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If I have a nested enumerated list style that I would like to use throughout my document, what's the best way to do it in LaTeX that will make it easy to change the style of all the lists in the document. By style I mean not just the style of the labels but also the style of the items in the list. For example first level bold, second level italics, third level normal etc..

I would think this is a very common task but I can't find an explicit description of how to do it. I am new to LaTeX and still trying to figure out where it's best to hard code formatting or do it programmatically.

I have managed to put together some code that does what I want but I am wondering if there is more elegant way (or standard way) of accomplishing this:

\documentclass{article}
\usepackage{enumitem}
\begin{document}

\setlist[enumerate]{noitemsep,nosep}
\setlist[enumerate,1]{label*=\arabic*.,before=\normalfont\bfseries,after=\normalfont}
\setlist[enumerate,2]{label*=\arabic*.,before=\normalfont\itshape,after=\normalfont}
\setlist[enumerate,3]{label=\alph*.,before=\normalfont}

\begin{enumerate}
    \item First Level A
    \begin{enumerate}
        \item Second Level A
        \begin{enumerate}
            \item Third Level A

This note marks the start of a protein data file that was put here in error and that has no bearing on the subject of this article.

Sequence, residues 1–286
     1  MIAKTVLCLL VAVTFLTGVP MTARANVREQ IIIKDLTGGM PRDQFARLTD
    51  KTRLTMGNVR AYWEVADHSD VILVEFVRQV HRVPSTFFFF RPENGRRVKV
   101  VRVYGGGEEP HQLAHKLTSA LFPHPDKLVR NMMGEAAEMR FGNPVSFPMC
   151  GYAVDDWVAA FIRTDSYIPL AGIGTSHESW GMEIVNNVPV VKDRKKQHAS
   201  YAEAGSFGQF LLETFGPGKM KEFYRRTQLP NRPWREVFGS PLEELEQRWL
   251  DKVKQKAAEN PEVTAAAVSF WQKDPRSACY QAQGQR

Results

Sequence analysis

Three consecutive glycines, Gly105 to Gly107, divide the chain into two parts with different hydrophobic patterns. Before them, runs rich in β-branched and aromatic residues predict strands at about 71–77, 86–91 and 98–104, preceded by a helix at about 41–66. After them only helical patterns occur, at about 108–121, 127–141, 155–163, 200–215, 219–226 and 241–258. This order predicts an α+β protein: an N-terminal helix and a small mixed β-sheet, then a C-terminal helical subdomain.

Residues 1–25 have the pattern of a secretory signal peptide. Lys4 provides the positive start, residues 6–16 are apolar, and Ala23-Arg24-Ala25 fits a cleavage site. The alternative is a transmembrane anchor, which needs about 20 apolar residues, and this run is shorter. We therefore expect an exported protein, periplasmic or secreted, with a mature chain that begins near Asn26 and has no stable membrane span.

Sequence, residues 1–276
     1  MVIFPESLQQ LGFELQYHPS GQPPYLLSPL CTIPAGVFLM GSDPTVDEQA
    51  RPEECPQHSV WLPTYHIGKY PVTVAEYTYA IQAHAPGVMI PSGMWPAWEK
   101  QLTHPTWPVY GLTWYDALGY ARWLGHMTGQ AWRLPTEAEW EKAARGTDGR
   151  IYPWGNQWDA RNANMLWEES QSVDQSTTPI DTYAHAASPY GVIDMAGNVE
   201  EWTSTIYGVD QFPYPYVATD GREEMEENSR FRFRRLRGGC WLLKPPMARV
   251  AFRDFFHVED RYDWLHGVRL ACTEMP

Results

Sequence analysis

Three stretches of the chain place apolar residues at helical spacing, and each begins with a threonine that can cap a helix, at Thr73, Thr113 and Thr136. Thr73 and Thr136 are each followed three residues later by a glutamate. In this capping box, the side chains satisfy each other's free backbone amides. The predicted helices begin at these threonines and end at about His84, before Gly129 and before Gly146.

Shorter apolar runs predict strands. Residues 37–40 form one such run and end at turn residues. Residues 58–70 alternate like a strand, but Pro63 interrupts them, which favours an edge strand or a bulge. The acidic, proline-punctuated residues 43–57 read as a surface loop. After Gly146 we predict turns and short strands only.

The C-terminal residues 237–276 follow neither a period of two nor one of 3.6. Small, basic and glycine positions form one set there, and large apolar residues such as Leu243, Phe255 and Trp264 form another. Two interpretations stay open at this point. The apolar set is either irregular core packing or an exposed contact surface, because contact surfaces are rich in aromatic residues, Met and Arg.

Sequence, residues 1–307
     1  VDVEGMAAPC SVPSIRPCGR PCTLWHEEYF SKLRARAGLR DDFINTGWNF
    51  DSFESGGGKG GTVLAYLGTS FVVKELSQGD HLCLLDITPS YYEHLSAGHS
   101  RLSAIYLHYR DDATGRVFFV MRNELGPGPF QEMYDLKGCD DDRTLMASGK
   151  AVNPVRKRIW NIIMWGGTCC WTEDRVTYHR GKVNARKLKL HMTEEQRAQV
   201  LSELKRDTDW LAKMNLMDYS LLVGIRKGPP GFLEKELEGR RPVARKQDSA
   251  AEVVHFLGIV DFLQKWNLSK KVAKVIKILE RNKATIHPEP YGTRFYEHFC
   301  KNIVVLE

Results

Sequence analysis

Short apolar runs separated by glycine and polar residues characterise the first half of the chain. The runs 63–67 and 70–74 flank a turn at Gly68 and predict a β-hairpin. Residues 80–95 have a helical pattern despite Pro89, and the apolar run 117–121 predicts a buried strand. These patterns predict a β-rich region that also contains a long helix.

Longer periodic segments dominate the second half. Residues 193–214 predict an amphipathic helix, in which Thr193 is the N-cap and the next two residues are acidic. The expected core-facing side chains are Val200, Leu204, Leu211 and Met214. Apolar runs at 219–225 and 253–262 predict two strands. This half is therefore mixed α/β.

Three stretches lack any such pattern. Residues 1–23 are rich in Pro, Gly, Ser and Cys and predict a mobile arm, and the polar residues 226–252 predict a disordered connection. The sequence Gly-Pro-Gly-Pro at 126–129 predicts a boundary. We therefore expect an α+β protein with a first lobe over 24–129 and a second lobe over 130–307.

\end{enumerate}
        \item Second Level B
        \item Second Level C
    \end{enumerate}

    \item First Level B
    \begin{enumerate}
        \item First Level A
        \begin{enumerate}
            \item Third Level A
        \end{enumerate}
        \item Second Level B
        \item Second Level C
    \end{enumerate}

\end{enumerate}

\end{document}
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I think your method is the best way to go :) –  cmhughes Oct 24 '12 at 0:19
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1 Answer 1

enumitem provides a clean interface to the standard list environments (enumerate, itemize and description) through global settings (using \setlist) or localized customizations (via optional arguments to the respective environments).

Another alternative would be to define your own depth-intelligent list environment(s). However, this may remove some of the code readability already provided by enumitem's interface, as well as code portability.

enumitem is therefore most likely the best way to go.

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